News

Court Amends Judicial Recusal Rule

The Tennessee Supreme Court last week issued an order amending Rule 10B of its rules, which governs the procedures for seeking disqualification, recusal or a determination of constitutional or statutory incompetence of a judge, justice or other judicial officer. The adopted amendments were revised after a comment period to address concerns raised by the TBA about appellate courts' handling of motions for court review.

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Board of Judicial Conduct Reprimands Atherton

The Tennessee Board of Judicial Conduct has publicly reprimanded Hamilton County Chancellor Jeffrey Atherton regarding an order he issued on Aug. 28 in a divorce case. Atherton initially denied a heterosexual couple’s request to divorce, saying it was up to the U.S. Supreme Court to define what was not a marriage after the Court's decision in Obergefell v. Hodges same-sex marriage case. The Dec. 18 letter says that in a meeting with the Disciplinary Counsel, Atherton indicated that he may have been in error entering the Order and that the error “could have been misunderstood by the public as undermining its confidence in the independence, integrity and impartiality of the Judiciary…” 

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CBA Poll Results Praise Local Judges

Judges Don Poole, Barry Steelman and Tom Greenholtz received positive reviews from a recent Chattanooga Bar Association poll, the Times Free Press reports. CBA members rated each judge on their legal ability, good moral character, diligence and judicial temperament. Poole had the highest superior rating at 87 percent. 

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Candidates Announced in 19th Judicial Circuit Court Races

Five candidates filed petitions to run for the 19th Judicial Circuit Court Judge Part III, a position now vacant due to the Dec. 1 retirement of John Gasaway. The Republican candidates are Ted Crozier Jr., Roger Nell and Herb Patrick; the Montgomery County Republican Primary is scheduled for March 1. The winner of the Republican nomination will run against the independent candidates Merriel Bullock-Neal and John E. Finklea on Aug. 4. Jill Bartee Ayers and Robert T. Bateman are running for the Republican nomination in the 19th Judicial Circuit Court Judge Part IV race. Gov. Bill Haslam appointed Ayers earlier this year to fill the newly created seat. The 19th Judicial Circuit encompasses both Montgomery and Robertson counties. Read more from The Leaf-Chronicle.

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Wicks Named Criminal Court Judge in 9th District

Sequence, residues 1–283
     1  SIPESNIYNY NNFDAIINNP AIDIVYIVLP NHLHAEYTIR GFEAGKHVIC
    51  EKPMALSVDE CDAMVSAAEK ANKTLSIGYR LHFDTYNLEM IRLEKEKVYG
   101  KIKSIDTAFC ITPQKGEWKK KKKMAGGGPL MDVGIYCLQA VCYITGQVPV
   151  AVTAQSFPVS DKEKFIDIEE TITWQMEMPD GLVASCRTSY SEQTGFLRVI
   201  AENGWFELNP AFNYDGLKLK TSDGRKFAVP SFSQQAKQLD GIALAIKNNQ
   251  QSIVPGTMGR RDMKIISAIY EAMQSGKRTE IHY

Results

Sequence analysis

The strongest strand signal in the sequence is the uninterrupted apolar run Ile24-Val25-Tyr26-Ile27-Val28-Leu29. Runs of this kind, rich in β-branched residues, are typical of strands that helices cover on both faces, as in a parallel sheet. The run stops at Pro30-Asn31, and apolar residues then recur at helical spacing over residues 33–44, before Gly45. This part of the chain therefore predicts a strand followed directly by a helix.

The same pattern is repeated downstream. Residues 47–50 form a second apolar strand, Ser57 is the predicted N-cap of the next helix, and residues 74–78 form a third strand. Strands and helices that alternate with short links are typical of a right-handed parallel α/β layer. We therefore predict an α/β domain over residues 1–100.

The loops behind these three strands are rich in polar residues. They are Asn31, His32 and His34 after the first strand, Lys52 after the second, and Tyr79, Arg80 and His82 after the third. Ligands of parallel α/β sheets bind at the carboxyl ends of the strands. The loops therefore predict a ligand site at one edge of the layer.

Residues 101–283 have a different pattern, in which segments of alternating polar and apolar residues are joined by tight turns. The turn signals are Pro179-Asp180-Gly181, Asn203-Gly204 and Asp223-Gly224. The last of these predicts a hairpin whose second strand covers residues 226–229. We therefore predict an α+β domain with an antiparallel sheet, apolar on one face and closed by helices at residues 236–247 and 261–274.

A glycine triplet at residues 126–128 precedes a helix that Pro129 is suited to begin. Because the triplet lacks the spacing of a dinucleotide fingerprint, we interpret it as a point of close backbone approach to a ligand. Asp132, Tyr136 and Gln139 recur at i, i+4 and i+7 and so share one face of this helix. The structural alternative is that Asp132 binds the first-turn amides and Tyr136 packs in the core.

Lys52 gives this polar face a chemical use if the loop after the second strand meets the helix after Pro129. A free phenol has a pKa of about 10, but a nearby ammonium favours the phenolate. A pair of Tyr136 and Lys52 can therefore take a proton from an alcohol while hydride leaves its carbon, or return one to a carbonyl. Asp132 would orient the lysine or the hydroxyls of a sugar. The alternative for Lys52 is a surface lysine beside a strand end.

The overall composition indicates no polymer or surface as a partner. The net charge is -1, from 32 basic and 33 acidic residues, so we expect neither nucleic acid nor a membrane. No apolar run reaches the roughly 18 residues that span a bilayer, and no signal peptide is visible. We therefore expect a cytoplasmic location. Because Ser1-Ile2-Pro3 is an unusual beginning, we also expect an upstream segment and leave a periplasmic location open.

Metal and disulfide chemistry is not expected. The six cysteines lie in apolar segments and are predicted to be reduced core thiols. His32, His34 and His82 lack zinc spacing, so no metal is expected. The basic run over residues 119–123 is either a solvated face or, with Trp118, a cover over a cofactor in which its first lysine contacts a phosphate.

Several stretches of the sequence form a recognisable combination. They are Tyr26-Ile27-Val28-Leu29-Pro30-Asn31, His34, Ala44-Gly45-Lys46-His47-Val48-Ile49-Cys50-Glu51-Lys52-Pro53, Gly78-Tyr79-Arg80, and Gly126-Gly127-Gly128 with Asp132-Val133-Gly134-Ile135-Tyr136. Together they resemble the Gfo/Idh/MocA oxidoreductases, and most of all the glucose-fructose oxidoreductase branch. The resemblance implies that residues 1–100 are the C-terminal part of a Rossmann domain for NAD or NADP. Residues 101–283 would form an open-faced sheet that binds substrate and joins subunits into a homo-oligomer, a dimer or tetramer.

Jeffery H. Wicks of Rockwood was appointed by Gov. Bill Haslam as Criminal Court Judge for the Ninth Judicial District, replacing Judge E. Eugene Eblen, who is retiring effective Dec. 31.The Ninth Judicial District serves Loudon, Meigs, Morgan and Roane counties. Wicks has served as General Sessions Court Judge in Roane County since 2006. “I promise to do my very best to uphold the high judicial standards set by Judge Eblen during his distinguished career as our criminal court judge,” Wicks said.

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Susano to Leave Post as Chief Judge of Court of Appeals

Judge Charles D. Susano Jr. announced that he will step down at the end of the year as Chief Judge of the Tennessee Court of Appeals, but said he will remain on the court. Susano, of Knoxville, has been chief judge since Jan. 1, 2013. He was first elected to the Court of Appeals in 1994. “I have enjoyed my time as chief judge,” Susano said. “But now is the time for someone else to assume the administrative functions of the court."

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Trial Rescheduled After Jurors Mistakenly Sent Home

The Chattanoogan reports a vehicular homicide trial in Chattanooga was rescheduled for this morning after three panels of jurors were mistakenly sent home on Tuesday. Criminal Court Judge Barry Steelman apologized for the error. "I'm disappointed that we were not able to start today. The state was ready and the defense was ready. It's not anybody's fault in this court,” he said.

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Senate Judiciary to Meet This Month

The Senate Judiciary Study Committee Calendar for Oct. 19, 10 a.m., includes Criminal Justice Reform, Prosecutorial Discretion (Senate Bill 37) and Militarization of Law Enforcement (Senate Bill 887). View the calendar.

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Group Calls for Action Against General Sessions Judge

The Tennessee Association of Criminal Defense Lawyers has filed a complaint with the Board of Judicial Conduct seeking sanctions against Nashville General Sessions Judge Allegra Walker, News Channel 5 reports. The issue arises from an e-mail Walker sent in June in which she told prosecutors what she won’t accept in her court pertaining to plea negotiations, such as agreed orders on domestics or multiple probation offers. TACDL argues the email reflects Walker’s bias against certain defendants, claiming the judge's actions could amount to "judicial interference."

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Apply for 30th Judicial District Chancellor Opening by May 26

The Governor’s Council for Judicial Appointments is now accepting applications for the Chancery Court judge vacancy in the 30th Judicial District, Shelby County, which was created by the death of the Hon. Oscar Carr III. Applications are due by noon CDT May 26. All qualified applicants will be interviewed in Memphis June 17.